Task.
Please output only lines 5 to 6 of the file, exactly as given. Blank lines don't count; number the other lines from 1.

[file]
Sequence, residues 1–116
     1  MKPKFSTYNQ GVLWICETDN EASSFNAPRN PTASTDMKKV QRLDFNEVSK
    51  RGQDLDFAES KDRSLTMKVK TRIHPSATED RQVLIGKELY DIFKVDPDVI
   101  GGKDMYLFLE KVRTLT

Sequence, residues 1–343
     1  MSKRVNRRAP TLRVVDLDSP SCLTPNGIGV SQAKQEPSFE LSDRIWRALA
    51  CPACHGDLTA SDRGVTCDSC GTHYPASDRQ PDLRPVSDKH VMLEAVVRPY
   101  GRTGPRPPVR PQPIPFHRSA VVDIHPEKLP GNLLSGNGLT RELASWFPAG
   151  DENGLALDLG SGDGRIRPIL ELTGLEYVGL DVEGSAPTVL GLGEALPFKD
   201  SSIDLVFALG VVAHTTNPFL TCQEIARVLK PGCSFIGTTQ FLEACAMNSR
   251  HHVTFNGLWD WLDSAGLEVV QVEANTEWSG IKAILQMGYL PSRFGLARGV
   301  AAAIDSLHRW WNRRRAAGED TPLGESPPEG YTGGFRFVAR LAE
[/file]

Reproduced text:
Sequence, residues 1–343
     1  MSKRVNRRAP TLRVVDLDSP SCLTPNGIGV SQAKQEPSFE LSDRIWRALA